Before 2012, many of us had never heard of a “Scream Room” but the controversy in Middletown, propelled by allegations that a Farm Hill Elementary School student was put in a small room used to discipline children for misbehaving, put a local spotlight on an issue talked-about nationwide. By law, the use of seclusion in schools is supposed to be a “last resort” technique, used only when a child poses a threat to himself or others. When given a close look, the practice is complex and, sometimes, subjective. What is the definition of threat? Is the use of seclusion, as a way to calm a child down in a safe environment, more appropriate at special schools than public institutions? There is a new push for developing a better framework.

Watch Sarah’s interview with James McGaughey, executive director of the Office of Protection and Advocacy for Persons With Disabilities.

“What the research tells us is that there’s no evidence to support the conclusion that restraint and seclusion of children is an effective intervention to change or manage their behavior,” says the state’s Child Advocate Sarah Eagan, whose office recently presented a forum, with the Office of Protection and Advocacy for Persons with Disabilities, called “Prevention of Restraint and Seclusion in CT’s Schools: Putting Principles Into Practice”, attended by parents, doctors and politicians. “Placing a child, particularly a child with a developmental disability…into a room that he can’t come out of can be traumatizing.” A just-released report of the 2012-13 school year by the State Department of Education shows 33,000 instances of restraint or seclusion, most often involving kids with autism, sometimes pre-schoolers and kindergarteners. “Where we want to start is a drastic reduction in the numbers,” says Eagan.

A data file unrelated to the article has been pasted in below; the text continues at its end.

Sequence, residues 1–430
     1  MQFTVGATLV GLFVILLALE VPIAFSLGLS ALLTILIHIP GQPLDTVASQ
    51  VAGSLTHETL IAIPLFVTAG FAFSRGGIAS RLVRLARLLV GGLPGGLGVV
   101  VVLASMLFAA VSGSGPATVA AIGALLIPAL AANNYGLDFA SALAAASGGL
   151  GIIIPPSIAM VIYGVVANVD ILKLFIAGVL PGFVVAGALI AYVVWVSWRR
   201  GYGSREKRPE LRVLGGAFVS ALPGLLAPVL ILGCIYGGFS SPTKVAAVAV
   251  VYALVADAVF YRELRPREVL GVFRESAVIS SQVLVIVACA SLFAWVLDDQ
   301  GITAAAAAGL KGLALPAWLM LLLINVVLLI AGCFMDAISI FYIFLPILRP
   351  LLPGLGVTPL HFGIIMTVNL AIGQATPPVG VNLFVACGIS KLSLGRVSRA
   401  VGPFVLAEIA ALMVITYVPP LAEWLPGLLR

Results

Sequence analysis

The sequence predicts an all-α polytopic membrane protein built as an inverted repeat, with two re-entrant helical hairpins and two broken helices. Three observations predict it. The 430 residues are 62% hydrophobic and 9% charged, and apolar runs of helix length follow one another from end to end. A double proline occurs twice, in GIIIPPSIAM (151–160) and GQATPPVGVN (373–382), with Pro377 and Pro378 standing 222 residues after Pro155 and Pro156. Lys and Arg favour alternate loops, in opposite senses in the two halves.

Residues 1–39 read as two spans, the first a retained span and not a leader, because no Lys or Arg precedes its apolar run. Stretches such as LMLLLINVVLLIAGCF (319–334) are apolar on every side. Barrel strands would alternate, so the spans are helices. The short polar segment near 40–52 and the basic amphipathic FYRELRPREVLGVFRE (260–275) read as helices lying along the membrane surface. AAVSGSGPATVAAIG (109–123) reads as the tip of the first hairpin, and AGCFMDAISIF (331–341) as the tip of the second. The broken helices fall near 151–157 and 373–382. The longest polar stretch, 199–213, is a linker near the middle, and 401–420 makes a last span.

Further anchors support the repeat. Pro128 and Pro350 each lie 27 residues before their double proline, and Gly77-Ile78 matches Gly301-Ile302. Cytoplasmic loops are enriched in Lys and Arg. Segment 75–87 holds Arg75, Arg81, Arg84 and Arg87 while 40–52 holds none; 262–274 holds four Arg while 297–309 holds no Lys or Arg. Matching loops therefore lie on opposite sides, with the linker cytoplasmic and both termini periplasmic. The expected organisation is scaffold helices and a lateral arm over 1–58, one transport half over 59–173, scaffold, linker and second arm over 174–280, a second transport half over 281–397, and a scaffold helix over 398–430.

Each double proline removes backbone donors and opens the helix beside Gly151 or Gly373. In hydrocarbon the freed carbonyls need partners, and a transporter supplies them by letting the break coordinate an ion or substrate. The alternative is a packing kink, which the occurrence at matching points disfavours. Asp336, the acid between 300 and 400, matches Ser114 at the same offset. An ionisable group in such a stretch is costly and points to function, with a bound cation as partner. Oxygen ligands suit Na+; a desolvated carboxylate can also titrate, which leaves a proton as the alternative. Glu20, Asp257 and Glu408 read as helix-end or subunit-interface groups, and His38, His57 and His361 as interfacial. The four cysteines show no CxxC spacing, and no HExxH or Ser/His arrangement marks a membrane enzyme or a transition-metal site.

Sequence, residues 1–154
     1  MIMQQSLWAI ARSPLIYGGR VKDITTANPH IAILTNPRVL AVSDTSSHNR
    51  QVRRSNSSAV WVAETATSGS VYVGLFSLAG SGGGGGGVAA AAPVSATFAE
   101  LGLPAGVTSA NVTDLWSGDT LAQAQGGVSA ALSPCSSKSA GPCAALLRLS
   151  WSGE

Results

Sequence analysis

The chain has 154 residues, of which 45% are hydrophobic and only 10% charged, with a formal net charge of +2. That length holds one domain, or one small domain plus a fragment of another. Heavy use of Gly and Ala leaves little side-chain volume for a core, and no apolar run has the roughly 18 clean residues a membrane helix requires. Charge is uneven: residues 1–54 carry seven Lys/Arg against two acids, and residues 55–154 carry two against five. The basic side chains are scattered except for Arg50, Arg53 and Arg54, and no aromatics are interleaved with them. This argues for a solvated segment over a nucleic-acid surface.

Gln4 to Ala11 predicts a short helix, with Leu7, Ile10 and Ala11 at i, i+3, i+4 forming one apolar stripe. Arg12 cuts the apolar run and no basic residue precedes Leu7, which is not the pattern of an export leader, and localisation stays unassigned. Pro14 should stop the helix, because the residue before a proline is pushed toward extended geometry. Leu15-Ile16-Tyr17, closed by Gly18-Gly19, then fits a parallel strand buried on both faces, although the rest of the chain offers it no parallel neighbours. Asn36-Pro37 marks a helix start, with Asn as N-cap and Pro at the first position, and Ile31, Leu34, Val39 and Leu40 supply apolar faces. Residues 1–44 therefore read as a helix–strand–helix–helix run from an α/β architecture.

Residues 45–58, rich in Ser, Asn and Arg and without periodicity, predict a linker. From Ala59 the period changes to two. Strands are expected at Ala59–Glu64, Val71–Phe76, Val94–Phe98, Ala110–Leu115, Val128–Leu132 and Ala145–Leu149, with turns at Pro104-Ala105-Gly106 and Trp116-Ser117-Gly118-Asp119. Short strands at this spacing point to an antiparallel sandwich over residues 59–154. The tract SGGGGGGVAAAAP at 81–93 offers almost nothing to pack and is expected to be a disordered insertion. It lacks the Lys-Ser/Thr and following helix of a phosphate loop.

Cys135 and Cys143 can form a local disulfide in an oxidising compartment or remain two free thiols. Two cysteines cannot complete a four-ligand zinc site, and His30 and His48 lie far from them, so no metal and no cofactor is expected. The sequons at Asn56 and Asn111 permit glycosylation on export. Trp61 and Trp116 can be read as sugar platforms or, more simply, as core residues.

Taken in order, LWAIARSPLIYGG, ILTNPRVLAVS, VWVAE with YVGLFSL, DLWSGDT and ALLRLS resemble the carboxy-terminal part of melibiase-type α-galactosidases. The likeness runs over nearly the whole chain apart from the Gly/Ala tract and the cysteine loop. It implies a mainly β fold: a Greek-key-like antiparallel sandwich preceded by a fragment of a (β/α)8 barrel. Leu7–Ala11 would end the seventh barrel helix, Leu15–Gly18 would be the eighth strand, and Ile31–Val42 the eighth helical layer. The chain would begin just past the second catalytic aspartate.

Click here to read the 2012-13 report on seclusion and restraint in Connecticut schools.

Click here to read the 2011-12 report on seclusion and restraint in Connecticut schools.

“We need help…we need people who understand the multiple disabilities,” says Richard Espinosa, who attended the forum, and claims his son, Benjamin, was manually placed in a “time-out room” at the New Britain Transition Center, a special education program. “Benjamin has over 15 surgeries from his hip down and he’s very sensitive with his joints, so the idea of having an adult physically control him is scary.” The 12-year-old has cerebral palsy, eye deficiencies and behavior problems. Espinosa was told his son waved his crutch at teachers but wonders if they truly exhausted all avenues of resolution. He has taken his child out of school. Dr. E. Ann Carabillo, the director of Pupil Services for the New Britain Board of Education, would not address Espinosa’s accusations directly due to confidentiality, but says: “We approach each child and family individually. We work together to come up with a mutually agreeable solution.”

“Lots of people are trying their best to work with kids who have complex needs,” says Eagan, who believes legal reform is necessary to tighten guidelines and reduce instances of restraint and seclusion. “Our goal is not to put a black hat on schools but to say…’we’re in this together…to bring the best expertise we have to…make our schools richly resourced to work with kids and families so that everybody’s achieving in a safe way.’”

Next Monday, this special series continues in the Courant and on Fox CT. Hear from parents and experts who believe seclusion rooms can be effective, when used properly.